No Direction Home

Bob Dylan: No Direction Home

The documentary No Direction Home opens up with a montage of footage of Bob Dylan performing on stage with his song “Like a Rolling Stone” overlaying the scenes. The first shot, is a wide shot from behind Dylan as he sings to a crowd of fans in a darkly lit concert hall. A spotlight beams down on him so we clearly see his silhouette, this immediately put the focus on him even though he is dimly lit. The next shot if more obvious in its glorification of it’s highly seminal subject; a close up of Dylan’s brightly-lit face shot from a low angle, he sing passionately into the microphone. This give us the same view at many of his fans would have shares from their viewpoint in the crowd. The camera then moves to a MS of Dylan, shot from side-on, low angle allowing for some space around Dylan, which gives the viewer a bit more of and idea about his current environment and his energetic and free-spirited demeanor while performing.

This festive pace then comes dramatic halt when the energy depicted in the opening scenes is cut by a poetic and silent overlayed montage of trees in the winter snow. The silence, which continues for around 10 seconds, is interrupted by a snippet from an interview with Dylan stating that “you can do a lot of things that seem to make time stand still, of course no one can do that.” Indeed, through juxtaposing the opening warm tones and festivities with the scenes of a cold, silent forest, Scorcese and Schoonmaker create a feeling of suspense and make it appear as though time is indeed standing still. A song by Charles E. Moody is then introduced from the chorus “…drifting too far from the shore” as the documentary continues with black and white images [supposedly] from Dylan’s childhood. A feeling of nostalgia now set in place, the documentary finally “kicks off” as Dylan reminisces on his childhood. The song, which continues playing beneath Dylan’s voice, further serves to colour the documentary in a fashion similar to the way in which it influenced Dylan’s early career. Voiceover and image eventually align, as we see a 60-something year old [present] Dylan, seated in an interview-type setting as he narrates his story to the camera.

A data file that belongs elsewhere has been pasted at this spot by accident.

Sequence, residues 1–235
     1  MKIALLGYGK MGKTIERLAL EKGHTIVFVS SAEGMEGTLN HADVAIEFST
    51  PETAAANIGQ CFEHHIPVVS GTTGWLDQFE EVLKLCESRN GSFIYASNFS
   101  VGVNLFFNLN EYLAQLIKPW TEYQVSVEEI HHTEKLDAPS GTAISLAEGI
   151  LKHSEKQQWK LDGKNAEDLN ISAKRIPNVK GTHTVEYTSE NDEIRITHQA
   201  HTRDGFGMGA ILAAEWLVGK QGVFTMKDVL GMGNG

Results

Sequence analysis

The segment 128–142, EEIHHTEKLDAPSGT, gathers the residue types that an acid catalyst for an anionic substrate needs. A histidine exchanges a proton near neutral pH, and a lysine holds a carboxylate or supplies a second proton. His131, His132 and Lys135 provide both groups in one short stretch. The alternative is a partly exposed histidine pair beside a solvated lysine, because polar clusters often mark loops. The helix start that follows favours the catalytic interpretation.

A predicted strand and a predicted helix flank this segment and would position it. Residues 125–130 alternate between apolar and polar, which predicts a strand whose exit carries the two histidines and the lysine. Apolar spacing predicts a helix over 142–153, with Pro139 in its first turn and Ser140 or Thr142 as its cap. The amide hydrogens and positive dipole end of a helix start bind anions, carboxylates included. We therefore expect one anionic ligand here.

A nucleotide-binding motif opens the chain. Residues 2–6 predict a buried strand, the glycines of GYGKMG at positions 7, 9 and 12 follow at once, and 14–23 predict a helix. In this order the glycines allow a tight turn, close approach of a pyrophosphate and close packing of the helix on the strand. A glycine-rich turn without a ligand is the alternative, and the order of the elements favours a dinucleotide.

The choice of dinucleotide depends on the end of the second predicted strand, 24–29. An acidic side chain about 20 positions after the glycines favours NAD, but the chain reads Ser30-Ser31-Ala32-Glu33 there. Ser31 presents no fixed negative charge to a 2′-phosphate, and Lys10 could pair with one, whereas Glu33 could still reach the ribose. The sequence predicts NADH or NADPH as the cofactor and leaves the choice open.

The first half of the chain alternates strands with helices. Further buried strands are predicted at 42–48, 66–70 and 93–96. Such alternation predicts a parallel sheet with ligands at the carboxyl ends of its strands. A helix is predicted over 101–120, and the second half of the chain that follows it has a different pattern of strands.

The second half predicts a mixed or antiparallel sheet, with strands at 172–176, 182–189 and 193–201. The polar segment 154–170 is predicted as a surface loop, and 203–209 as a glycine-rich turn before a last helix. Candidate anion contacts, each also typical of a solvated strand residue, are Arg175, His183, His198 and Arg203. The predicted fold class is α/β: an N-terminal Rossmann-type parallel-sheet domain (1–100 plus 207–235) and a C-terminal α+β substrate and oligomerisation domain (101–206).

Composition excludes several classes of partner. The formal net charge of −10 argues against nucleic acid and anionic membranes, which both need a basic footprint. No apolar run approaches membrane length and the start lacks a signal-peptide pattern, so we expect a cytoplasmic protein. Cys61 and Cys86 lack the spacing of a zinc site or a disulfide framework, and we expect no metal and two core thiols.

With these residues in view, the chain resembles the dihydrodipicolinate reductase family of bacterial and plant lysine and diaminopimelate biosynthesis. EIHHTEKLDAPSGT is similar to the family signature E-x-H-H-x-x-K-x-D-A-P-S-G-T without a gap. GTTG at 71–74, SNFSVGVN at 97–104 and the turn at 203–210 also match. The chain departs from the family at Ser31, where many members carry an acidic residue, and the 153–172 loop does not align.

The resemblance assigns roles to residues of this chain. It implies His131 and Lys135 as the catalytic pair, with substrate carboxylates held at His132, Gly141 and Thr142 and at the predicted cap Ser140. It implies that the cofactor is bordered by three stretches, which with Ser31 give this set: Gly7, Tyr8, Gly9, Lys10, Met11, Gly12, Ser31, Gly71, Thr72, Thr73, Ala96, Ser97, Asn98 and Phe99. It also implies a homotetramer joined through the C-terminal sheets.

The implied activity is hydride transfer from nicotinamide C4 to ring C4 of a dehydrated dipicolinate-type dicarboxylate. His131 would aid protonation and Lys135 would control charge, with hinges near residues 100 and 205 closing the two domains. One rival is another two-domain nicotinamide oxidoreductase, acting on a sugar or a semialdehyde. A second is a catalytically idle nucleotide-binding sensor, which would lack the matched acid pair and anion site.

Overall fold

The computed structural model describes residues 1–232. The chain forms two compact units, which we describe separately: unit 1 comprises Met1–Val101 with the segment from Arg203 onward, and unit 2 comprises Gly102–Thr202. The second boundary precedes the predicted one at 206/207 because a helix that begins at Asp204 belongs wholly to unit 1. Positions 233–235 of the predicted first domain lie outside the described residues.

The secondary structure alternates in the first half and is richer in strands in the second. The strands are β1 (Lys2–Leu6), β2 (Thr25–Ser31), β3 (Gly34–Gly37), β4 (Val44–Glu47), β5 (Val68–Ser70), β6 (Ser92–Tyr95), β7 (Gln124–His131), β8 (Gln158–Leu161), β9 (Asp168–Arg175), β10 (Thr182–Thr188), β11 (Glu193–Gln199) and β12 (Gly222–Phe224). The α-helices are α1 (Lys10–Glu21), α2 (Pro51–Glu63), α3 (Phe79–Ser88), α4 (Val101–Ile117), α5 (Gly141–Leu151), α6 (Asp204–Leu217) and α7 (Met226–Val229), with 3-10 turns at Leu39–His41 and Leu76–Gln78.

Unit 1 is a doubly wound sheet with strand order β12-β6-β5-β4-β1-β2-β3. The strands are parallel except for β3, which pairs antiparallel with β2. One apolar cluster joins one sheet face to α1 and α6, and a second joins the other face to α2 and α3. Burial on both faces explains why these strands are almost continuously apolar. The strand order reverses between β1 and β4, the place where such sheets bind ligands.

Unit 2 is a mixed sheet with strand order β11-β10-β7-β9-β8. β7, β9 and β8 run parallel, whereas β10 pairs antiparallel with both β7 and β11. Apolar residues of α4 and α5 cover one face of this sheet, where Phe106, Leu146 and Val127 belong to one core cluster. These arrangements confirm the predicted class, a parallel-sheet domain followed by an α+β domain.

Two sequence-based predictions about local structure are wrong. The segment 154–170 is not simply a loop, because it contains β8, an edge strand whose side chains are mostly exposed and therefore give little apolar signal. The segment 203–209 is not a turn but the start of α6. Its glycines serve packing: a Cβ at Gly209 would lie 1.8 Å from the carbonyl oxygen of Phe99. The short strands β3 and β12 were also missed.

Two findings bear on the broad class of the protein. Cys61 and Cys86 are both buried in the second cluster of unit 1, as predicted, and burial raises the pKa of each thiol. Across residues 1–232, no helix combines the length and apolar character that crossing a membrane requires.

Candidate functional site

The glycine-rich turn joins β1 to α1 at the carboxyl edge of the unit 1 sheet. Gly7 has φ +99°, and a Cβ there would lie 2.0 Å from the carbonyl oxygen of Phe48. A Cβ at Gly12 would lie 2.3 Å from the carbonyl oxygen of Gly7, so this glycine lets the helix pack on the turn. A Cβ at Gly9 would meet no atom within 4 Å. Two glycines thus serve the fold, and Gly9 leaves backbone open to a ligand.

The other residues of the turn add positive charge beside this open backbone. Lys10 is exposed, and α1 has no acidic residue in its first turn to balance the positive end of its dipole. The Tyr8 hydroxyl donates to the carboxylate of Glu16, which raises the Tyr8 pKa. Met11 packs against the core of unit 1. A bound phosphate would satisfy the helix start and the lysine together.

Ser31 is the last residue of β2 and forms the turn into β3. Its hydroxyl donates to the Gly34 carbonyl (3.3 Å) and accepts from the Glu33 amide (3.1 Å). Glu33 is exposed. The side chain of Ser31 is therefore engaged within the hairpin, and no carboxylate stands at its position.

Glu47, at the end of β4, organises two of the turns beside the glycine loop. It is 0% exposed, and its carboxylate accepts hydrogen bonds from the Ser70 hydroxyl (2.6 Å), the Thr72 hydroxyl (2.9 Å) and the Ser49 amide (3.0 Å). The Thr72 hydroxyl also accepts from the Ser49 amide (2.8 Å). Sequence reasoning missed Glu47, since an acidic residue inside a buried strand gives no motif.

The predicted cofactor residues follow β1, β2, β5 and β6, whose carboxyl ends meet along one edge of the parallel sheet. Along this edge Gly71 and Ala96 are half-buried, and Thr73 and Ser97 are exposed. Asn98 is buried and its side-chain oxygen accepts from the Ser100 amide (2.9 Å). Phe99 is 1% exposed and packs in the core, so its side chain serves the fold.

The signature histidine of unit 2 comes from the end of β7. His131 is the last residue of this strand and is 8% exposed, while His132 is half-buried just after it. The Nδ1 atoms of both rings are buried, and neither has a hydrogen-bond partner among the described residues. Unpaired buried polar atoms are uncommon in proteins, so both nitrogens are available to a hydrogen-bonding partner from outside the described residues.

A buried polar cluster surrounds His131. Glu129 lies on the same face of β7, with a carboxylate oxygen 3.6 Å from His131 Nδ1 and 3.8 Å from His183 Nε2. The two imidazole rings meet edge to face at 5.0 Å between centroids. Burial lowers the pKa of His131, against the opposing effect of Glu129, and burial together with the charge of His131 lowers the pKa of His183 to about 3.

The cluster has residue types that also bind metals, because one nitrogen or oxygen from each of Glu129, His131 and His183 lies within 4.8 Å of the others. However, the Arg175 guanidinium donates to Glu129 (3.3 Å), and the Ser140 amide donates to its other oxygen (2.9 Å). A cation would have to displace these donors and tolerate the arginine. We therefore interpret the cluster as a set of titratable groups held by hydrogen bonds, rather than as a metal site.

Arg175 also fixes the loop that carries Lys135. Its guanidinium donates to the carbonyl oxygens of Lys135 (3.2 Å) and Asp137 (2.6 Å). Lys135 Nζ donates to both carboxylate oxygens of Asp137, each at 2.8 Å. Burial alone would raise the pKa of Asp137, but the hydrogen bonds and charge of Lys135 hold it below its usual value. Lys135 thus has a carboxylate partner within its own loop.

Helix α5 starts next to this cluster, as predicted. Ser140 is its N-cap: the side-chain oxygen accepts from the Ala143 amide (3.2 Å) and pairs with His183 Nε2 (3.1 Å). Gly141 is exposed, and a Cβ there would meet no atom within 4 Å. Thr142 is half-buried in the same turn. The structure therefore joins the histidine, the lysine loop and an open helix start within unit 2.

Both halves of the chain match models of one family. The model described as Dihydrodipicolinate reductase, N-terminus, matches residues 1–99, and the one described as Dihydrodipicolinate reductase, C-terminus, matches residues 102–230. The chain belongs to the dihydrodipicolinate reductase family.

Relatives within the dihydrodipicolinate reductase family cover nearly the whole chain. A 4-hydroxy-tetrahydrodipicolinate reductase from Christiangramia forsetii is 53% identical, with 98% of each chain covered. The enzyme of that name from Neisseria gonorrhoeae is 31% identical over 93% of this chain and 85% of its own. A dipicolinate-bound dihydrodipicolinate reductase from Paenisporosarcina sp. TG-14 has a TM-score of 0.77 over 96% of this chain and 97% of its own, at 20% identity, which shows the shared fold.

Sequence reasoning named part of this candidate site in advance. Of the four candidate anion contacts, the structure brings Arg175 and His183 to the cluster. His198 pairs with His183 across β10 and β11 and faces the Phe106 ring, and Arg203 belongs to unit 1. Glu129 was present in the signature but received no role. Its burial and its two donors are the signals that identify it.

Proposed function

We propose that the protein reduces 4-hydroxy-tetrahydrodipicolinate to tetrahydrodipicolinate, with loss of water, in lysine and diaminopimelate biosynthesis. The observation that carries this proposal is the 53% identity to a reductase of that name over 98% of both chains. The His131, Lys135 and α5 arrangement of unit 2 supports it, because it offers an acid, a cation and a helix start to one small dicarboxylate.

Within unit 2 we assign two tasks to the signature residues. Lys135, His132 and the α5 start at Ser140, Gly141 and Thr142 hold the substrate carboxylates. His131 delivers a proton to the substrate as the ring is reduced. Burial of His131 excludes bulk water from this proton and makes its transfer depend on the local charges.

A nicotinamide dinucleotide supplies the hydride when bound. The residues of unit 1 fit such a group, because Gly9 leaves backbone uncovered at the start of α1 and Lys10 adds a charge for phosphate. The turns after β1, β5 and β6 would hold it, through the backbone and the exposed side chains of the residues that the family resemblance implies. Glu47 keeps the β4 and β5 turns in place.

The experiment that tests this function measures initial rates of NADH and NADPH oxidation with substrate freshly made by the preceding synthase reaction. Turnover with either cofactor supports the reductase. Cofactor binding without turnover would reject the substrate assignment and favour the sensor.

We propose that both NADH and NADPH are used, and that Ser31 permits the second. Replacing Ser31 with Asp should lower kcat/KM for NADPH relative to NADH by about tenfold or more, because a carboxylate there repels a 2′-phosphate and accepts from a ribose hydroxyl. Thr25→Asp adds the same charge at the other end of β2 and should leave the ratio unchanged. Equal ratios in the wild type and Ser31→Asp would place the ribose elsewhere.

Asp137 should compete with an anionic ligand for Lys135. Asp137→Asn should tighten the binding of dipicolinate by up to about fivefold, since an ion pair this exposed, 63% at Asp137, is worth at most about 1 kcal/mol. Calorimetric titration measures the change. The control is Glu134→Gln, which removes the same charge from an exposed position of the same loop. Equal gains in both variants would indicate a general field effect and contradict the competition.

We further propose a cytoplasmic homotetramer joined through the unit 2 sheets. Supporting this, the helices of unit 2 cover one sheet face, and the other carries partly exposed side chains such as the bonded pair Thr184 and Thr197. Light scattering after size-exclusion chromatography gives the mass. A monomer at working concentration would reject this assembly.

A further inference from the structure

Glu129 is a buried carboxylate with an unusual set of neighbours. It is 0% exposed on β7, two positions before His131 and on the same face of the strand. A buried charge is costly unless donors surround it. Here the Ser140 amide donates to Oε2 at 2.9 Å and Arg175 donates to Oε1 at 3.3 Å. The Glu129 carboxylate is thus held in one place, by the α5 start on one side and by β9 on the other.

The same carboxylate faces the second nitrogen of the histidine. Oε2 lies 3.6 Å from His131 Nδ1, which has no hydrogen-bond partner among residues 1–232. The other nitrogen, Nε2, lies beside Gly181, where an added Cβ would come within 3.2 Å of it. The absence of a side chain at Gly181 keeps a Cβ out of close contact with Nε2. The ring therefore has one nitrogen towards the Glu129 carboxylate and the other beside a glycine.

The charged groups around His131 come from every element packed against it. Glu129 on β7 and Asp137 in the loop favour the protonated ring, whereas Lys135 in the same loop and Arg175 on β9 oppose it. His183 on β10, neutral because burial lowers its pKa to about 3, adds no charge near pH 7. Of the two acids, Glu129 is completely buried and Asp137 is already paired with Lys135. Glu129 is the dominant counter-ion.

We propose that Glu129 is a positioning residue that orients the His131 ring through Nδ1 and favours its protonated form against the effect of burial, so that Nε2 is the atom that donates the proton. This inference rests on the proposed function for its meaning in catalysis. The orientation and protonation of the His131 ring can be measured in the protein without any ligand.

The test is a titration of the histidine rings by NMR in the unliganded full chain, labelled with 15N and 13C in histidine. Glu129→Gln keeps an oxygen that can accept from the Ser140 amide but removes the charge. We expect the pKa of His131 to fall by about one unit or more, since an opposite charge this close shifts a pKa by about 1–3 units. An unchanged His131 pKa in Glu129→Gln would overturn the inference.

The film continues as Dylan depicts his childhood in a small town in Minnesota, where severe economic and weather conditions set precedent for an industrial mindset needed to survive, leaving no room for any sort of rebellious ideals. As Dylan speaks, scenes are displayed of mining land, machinery, workers and Dylan’s father’s electrical store, where Dylan was meant to learn about “hard work and the merits of employment”. But of course we know that this is not how life eventuated for Dylan, the influential musician who went on to win Grammy, Golden Globe and Academy Awards, and be inducted into the Rock and Roll Hall of Fame. By beginning their documentary in this way, Scorcese and Schoonmaker set the scene for the film’s narrative which is a depiction of Bob Dylan, the musical revolutionary and rebel who drifted too far from home.


Scorcese, M 2005, No Direction Home: Bob Dylan, American Masters, Paramount Pictures.

Image: © SBS.


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